On February 24, the world got the WWE Network. Never mind. On February 28, and only on my Safari web browser, I finally got the WWE Network. Sure, it got off to a rocky start and I still have some buffering issues. But most new technologies do have issues but I have enjoyed the Network in my three seconds of spare time in the last few weeks.

As I am finally finishing to wade through about sixty 2000 word essays, (does anyone at TJR want to help me grade?) I have begun to learn a few truths about wrestling history with a little help from the network. The WWE Network makes it quite easy to learn and explore wrestling’s fascinating past.

The WWE tells me it will take years to actually explore the entire content of the network. Anyone who successfully does so will have my praise. Or is that pity? I think I meant pity. In my limited time on the Network, I have already learned a few key truths. Let us review what I have learned from the Network:


Why Don’t We Have A Cruiserweight Show on the WWE Network?



It isn’t like he invented the concept (he stole it) but I always loved the fact that Eric Bischoff brought the great action of the Cruiserweights to the mainstream American audience. It is funny all the attention went to the New World Order and its famous feud with WCW but it was the unbelievable cruiserweight action that keeps me watching and hoping now for a 21st century revival.

TJR’s own Heather Hickey talked about the greatness of a legendary feud between Eddie Guerrero and Rey Mysterio, especially their great Halloween Havoc encounter. It was brilliant stuff but we also had the honor of having classic matches in WWE as well. The stars I fondly remember that didn’t have time to shine in WCW were: La Parka, Psychosis, Ultimo Dragon, Billy Kidman, Juventud Guerrera, Chris Jericho and Dean Malenko to name a few. The WWE, unsuccessfully, tried to copy the formula but WCW did it best in the late 1990’s. Take exciting stars from Mexico and Japan and let them wrestle in their unique style. It is something I truly miss and wish would return.

For added fun watch Tony Schiavone and Bobby Heenan during the Cruiserweight matches on WCW pay-per-views. They are completely clueless to what is occurring in the ring. It is pure comedy gold from the 1990’s.


ECW is Quality Wrestling


Anytime you see an insane hardcore move in the wrestling ring today, you run the risk of an “ECW” chant. A lot of fans remember the blood, table, barbwire and fire as all ECW was truly about. I know I forget that sometimes when looking at some of their history but I don’t want to forget the quality wrestling that is usually overlooked. They weren’t just insane people; they could really “go” plenty of times too in ECW’s storied history.

I was a big fan of the farewell matches. For example, watch the classic encounter between Malenko and Guerrero. They didn’t need blood and the ECW audience would appreciate its quality. I look forward to having people learn about other key performers like 2 Cold Scorpio, Mike Awesome, Masato Tanaka, Hayabusa and Jerry Lynn who didn’t really get to show their true potential in the bigger leagues.  Besides I could watch RVD and Jerry Lynn wrestle over and over again. ECW could tell a great 20-minute story without throwing a human being through an exploding C4 table. Except New Jack, that pretty much describes him perfectly.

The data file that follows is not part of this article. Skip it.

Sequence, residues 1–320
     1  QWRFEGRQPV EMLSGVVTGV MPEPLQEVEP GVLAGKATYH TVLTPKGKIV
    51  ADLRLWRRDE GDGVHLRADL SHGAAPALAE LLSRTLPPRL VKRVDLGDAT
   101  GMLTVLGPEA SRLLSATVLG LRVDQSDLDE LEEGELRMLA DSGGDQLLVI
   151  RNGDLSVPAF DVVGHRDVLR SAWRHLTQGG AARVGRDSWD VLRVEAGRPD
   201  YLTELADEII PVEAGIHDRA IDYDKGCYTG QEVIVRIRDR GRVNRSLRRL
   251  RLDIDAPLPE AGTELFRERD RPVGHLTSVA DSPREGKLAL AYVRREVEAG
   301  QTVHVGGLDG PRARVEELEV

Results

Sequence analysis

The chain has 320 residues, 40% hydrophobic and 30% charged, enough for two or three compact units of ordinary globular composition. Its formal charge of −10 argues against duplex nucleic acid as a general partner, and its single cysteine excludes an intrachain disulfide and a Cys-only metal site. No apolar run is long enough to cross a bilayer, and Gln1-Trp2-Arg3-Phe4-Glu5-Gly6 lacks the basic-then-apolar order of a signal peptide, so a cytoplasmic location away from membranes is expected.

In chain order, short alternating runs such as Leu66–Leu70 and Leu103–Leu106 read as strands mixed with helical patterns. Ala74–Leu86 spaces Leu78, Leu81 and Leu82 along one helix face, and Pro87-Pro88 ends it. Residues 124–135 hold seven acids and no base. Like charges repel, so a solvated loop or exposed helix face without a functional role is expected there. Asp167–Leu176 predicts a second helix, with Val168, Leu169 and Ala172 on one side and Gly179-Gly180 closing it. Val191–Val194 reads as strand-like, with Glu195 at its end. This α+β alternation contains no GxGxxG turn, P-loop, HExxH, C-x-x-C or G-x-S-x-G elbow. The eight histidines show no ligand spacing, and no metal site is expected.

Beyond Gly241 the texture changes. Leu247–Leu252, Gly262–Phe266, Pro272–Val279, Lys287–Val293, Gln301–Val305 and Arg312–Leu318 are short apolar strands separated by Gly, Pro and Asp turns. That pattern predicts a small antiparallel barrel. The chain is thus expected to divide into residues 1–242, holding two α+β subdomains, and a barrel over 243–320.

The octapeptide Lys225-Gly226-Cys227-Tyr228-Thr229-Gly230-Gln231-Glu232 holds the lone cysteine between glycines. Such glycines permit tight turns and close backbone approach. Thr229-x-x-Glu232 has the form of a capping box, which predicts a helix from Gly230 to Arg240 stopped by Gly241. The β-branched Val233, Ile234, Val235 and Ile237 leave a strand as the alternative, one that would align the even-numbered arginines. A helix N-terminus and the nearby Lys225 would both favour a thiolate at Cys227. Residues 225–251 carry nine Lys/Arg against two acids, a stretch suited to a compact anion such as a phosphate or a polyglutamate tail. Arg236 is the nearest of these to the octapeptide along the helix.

Wrestling Before the 1980’s Can Be Quite Boring


However not all wrestling should be remembered nostalgically. I have tried to look at wrestling before the early days of pay-per-view that the WWE Network is starting to showcase. It is brutal to try and watch for an extended period of time.

I certainly have a tremendous amount of respect for the pioneers of the past before the boom of the 1980’s. I want to respect wrestling and respect the pioneers of the sport. However, I cannot watch their extended snooze fests. Did pre-1980’s wrestlers know that moves existed besides rest holds? Did they even do cardio at any point in their entire lives? I look at 1970’s wrestlers and say, “I could do that.” There is a reason amateur wrestling declined in popularity as professional wrestling grows. The show is the thing. Thank goodness for people like Randy Savage and Ricky Steamboat that recognized that a show could be made truly exciting.


Some People In the Attitude Era Were Insane



One of the first matches I watched when I got the WWE Network was the classic first ever TLC match between the Hardy Boyz, Edge & Christian and the Dudleys at Summerslam 2000. I watched the match with a younger fan that only stared watching around 2010. They were shocked. As we watched them throw chairs at each other’s head, fall off ladders onto the floor or through four tables, she asked the question, “Where these people crazy?”  The best response is, “Yes. Yes, they were.”

As I think about to some of my favorite matches involving these three tag teams, Mick Foley or the Undertaker, I think how naïve we were. It is quite difficult today to watch Mick Foley get hit with dozens of chair shots from the Rock at Royal Rumble 1999 or watch any of those classic TLC matches in the early 2000’s. I remember then fondly but now I see the lasting effects on these wrestlers.

So if an older fan tells me they miss that era, I shake my head. I care about the performers who entertain me 300 days a year. They deserve a future after wrestling that so many were robbed of from this era.




I appreciate what the WWE Network allows. The chance to view events and wrestlers that I never had a chance to see is an amazing one. As a History teacher, I am glad this history is now preserved in such a wonderful way. At least I will when my content stops buffering.



Feel free to contact me at lasher@pacificu.edu.  Additionally, I have my Twitter account, WWELasher as well.  I hope you will read me again soon. If anyone wants to grade a few term papers it would be a great help to me.